Frey has many short-term and long-term goals. But for now, she’s focusing on marketing “Dogs in the Zoo?”

“We meet three nights a week with our illustrator (Kit Laurence Nacua), who is in the Philippines, and the book is totally different because we’re watching him do live illustrations for these books, which is a real joy,” Frey Say.

Kit has become one of our best friends, and through this process with him and some of my mentors, I am amazed at what we can learn along the way. “

For Frey, the learning process includes graphic design.

“When we started, all I knew was writing and telling our stories, but little did I know there were so many other elements,” Frey said. “I found myself struggling to learn graphic design skills so I could do a lot of marketing on my own.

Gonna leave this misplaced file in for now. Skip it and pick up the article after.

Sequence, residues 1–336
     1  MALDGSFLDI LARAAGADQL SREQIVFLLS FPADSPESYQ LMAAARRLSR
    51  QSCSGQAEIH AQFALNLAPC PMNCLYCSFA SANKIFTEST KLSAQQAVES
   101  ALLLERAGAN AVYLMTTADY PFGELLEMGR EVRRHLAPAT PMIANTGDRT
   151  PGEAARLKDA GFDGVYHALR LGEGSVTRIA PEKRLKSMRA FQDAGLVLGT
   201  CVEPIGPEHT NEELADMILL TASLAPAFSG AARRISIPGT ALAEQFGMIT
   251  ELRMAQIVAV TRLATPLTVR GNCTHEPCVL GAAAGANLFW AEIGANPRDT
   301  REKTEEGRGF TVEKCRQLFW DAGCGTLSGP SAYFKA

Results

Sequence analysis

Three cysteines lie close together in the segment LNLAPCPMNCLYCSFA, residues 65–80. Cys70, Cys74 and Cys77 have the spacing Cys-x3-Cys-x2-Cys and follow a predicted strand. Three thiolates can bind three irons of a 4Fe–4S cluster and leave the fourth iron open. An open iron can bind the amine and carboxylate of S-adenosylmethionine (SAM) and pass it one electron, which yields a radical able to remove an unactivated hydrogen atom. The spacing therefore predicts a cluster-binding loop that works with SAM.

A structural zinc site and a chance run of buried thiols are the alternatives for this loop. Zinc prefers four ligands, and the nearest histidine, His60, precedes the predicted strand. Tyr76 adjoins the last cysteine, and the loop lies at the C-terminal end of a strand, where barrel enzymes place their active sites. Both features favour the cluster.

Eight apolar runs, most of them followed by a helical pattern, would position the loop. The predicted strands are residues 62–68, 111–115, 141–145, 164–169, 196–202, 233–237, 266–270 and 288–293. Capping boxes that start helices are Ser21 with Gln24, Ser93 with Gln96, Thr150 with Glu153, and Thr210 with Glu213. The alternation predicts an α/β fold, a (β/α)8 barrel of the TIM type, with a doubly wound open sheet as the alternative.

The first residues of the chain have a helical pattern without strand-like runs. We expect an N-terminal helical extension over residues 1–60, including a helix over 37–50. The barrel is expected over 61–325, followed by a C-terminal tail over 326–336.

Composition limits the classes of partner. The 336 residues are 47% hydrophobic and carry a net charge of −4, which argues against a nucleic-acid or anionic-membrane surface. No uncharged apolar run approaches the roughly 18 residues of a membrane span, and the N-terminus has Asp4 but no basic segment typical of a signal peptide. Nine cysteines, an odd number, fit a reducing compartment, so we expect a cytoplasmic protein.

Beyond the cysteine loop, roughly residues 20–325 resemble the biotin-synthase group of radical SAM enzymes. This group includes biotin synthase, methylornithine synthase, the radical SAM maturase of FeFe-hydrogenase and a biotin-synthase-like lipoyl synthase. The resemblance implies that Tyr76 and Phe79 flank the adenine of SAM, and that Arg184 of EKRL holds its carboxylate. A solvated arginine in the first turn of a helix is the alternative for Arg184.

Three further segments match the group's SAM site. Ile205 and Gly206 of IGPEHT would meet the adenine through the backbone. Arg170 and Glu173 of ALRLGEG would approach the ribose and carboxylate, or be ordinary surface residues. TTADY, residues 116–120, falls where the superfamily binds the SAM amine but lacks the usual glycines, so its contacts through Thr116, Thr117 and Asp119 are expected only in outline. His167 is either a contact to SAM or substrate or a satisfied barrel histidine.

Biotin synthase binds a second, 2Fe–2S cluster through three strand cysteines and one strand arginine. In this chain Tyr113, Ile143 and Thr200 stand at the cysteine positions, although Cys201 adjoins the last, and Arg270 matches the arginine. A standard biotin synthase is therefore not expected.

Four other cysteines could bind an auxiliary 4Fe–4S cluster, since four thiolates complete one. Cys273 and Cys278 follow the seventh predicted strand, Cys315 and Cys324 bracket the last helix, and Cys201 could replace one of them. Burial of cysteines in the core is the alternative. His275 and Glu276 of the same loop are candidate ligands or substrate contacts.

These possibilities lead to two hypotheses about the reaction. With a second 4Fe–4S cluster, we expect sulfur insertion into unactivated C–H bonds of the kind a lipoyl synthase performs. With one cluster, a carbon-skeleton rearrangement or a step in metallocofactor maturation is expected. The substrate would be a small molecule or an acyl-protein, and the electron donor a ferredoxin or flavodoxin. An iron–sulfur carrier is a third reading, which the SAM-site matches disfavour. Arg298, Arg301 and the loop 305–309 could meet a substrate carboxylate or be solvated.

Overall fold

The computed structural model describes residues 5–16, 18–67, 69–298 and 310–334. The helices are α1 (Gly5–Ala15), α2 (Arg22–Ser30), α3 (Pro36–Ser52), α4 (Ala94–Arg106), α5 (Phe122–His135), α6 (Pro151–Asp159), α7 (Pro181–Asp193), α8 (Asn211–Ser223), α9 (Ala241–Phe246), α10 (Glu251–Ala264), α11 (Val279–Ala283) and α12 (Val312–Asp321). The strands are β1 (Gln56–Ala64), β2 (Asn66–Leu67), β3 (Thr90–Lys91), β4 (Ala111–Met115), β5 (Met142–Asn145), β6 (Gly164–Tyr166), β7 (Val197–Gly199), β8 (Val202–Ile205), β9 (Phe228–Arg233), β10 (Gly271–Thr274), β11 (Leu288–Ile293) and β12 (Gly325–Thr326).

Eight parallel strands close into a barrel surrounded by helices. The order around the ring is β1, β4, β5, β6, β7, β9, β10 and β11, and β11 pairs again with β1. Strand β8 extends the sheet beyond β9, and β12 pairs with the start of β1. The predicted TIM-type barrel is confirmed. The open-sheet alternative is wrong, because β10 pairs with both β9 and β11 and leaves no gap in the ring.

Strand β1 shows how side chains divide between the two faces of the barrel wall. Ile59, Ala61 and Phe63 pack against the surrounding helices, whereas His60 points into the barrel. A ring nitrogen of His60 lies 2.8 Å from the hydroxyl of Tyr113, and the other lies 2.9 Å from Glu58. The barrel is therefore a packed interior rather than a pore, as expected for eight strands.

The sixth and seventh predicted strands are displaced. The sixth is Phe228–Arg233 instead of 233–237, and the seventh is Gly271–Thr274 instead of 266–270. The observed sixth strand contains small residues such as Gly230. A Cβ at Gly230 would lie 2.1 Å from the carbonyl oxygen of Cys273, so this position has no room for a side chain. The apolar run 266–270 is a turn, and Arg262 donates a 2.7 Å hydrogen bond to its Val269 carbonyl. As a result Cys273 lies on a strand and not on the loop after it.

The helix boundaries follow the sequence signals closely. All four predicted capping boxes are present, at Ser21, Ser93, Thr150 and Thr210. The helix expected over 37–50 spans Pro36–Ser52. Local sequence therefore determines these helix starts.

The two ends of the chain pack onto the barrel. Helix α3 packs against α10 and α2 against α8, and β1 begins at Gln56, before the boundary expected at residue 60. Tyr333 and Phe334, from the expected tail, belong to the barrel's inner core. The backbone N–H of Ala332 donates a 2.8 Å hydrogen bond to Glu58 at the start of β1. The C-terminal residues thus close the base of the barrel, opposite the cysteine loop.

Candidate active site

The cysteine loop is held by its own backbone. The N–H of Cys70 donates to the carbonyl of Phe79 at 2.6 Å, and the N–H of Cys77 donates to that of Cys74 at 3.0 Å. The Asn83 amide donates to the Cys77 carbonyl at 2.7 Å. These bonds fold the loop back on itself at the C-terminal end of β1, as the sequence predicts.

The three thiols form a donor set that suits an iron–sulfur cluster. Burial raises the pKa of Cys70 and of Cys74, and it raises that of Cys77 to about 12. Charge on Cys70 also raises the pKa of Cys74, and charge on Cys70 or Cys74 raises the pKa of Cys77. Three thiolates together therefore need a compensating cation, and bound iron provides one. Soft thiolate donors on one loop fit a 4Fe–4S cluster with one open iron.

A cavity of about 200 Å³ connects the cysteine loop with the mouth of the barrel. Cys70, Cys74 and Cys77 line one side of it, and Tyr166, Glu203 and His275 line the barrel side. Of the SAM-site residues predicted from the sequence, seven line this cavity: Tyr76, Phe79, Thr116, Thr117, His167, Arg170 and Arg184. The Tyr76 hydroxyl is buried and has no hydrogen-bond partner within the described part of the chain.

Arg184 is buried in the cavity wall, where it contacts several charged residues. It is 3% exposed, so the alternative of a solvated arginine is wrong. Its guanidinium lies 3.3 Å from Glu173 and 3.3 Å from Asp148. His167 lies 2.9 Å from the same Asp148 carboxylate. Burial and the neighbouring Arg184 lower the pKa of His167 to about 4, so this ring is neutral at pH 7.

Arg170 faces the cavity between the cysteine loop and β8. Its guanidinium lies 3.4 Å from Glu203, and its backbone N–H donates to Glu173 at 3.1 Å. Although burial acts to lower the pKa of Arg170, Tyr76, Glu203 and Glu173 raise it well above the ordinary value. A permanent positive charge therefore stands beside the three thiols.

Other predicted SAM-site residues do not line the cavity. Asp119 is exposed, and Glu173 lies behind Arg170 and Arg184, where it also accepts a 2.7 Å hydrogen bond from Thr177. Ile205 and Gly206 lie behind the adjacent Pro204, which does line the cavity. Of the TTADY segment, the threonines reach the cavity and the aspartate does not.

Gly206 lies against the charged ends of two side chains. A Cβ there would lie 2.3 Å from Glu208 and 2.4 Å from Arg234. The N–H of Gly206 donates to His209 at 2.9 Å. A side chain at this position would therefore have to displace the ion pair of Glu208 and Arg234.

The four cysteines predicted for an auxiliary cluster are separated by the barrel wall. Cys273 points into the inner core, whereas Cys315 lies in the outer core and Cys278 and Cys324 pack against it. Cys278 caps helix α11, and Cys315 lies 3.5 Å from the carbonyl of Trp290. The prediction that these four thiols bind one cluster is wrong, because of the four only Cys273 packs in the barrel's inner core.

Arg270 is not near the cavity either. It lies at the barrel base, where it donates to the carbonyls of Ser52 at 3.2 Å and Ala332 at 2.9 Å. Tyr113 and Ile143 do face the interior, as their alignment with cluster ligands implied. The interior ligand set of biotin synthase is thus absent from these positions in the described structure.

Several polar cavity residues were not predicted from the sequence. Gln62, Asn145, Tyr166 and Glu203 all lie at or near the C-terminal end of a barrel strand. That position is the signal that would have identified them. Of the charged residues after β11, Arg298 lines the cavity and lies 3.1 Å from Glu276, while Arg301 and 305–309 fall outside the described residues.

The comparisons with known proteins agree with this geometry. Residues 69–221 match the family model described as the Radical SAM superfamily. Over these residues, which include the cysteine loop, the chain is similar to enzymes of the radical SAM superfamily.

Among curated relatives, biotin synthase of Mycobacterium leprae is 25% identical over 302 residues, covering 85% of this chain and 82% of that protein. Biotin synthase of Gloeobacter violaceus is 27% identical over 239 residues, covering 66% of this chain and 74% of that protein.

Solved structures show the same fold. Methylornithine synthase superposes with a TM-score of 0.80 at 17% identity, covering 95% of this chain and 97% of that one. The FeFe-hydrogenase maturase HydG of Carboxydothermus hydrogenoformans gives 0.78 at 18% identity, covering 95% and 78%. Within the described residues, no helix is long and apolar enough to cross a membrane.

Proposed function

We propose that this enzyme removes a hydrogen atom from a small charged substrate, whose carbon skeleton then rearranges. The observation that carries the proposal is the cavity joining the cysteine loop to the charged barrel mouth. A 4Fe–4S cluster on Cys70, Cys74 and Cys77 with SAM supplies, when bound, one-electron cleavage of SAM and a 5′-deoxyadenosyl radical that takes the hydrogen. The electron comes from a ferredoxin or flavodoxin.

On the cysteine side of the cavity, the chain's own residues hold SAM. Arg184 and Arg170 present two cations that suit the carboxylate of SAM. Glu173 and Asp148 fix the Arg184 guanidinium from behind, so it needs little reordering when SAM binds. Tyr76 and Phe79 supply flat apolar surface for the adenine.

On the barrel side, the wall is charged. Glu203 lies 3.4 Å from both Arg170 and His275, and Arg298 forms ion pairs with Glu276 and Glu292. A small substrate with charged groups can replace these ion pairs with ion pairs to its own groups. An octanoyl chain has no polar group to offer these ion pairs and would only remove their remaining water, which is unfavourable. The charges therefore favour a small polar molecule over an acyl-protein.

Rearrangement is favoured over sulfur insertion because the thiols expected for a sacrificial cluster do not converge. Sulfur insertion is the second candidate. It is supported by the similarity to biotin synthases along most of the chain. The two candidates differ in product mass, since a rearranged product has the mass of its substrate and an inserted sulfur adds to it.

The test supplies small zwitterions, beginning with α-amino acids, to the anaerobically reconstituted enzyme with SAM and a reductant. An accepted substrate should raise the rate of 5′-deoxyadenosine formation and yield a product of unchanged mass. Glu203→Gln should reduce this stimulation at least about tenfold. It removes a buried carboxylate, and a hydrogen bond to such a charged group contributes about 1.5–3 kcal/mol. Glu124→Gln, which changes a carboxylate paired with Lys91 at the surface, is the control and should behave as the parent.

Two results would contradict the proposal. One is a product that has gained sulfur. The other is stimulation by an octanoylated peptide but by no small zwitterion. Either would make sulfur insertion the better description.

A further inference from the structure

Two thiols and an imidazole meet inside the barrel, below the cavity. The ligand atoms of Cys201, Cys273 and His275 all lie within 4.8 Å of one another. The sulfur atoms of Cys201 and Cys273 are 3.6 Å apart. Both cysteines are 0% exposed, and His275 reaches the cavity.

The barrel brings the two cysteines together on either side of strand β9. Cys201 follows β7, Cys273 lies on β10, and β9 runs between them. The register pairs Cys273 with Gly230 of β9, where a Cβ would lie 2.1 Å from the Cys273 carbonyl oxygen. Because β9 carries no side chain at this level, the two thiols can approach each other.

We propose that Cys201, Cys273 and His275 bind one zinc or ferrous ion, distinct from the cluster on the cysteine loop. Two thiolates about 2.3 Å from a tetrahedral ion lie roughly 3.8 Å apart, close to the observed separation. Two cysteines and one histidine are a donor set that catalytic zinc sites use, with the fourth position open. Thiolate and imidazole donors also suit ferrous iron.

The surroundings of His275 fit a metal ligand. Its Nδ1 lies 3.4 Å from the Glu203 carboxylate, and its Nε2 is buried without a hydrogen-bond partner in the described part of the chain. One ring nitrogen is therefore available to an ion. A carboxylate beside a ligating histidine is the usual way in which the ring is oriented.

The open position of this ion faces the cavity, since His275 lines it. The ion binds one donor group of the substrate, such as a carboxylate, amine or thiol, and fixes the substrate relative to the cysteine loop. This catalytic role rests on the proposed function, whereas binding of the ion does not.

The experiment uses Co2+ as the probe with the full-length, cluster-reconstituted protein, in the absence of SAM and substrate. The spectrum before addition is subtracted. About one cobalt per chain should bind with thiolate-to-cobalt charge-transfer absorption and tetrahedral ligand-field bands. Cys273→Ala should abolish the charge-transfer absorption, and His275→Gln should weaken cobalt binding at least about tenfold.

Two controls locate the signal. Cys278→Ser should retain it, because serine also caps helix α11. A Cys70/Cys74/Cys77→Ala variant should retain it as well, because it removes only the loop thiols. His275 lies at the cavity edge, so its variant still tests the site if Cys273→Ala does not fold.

“It turned into me wanting to learn how to format books myself, and I ended up getting caught up in my first book. I’ve been learning with my illustrator in the two years since we launched our first book How to animate our illustrations, I want to keep learning as much as possible.”

Frey is already making plans for her third book.

At this point, all I can tell you is that this is a Christmas book with a title to be determined,” Frey said. As a team we have a lot of ideas and weGreat to see where they take us. “

“Dogs at the Zoo?” will be available via, and hardcover will be available on Amazon in 2023.

Locally, the first book is available at Happy Up Inc., 6654 Edwardsville Crossing Drive Suite A in Edwardsville and Four Muddy Paws Pet Supplies, 2127 S. State Route 157 in Edwardsville.

The book is also available across the river at Fiction Neighbors in Webster Groves, Betty’s Bookstore in Webster Groves, and the Mercy Hospital gift shop.

The second book will likely be available at all five retail locations when it comes out in 2023.

We plan to reach out to zoos across the country to see if they are interested in letting us into their gift shop,” said Frey, who will appear at the Leclerc Park Festival in Edwardsville on Oct. 16.